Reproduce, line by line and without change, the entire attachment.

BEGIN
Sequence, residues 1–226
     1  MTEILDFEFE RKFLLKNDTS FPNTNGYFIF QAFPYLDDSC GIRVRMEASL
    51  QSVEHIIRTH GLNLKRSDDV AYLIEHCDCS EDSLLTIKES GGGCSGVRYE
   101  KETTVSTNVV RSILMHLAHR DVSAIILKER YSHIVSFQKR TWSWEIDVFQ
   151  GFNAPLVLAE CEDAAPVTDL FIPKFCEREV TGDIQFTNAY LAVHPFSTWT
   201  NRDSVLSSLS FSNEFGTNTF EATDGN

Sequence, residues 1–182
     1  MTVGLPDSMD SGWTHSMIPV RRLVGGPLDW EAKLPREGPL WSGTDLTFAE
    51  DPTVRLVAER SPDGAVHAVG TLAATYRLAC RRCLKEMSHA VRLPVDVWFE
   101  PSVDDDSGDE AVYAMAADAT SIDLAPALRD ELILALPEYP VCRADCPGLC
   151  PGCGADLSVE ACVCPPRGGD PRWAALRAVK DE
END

Sequence, residues 1–226
     1  MTEILDFEFE RKFLLKNDTS FPNTNGYFIF QAFPYLDDSC GIRVRMEASL
    51  QSVEHIIRTH GLNLKRSDDV AYLIEHCDCS EDSLLTIKES GGGCSGVRYE
   101  KETTVSTNVV RSILMHLAHR DVSAIILKER YSHIVSFQKR TWSWEIDVFQ
   151  GFNAPLVLAE CEDAAPVTDL FIPKFCEREV TGDIQFTNAY LAVHPFSTWT
   201  NRDSVLSSLS FSNEFGTNTF EATDGN

Sequence, residues 1–182
     1  MTVGLPDSMD SGWTHSMIPV RRLVGGPLDW EAKLPREGPL WSGTDLTFAE
    51  DPTVRLVAER SPDGAVHAVG TLAATYRLAC RRCLKEMSHA VRLPVDVWFE
   101  PSVDDDSGDE AVYAMAADAT SIDLAPALRD ELILALPEYP VCRADCPGLC
   151  PGCGADLSVE ACVCPPRGGD PRWAALRAVK DE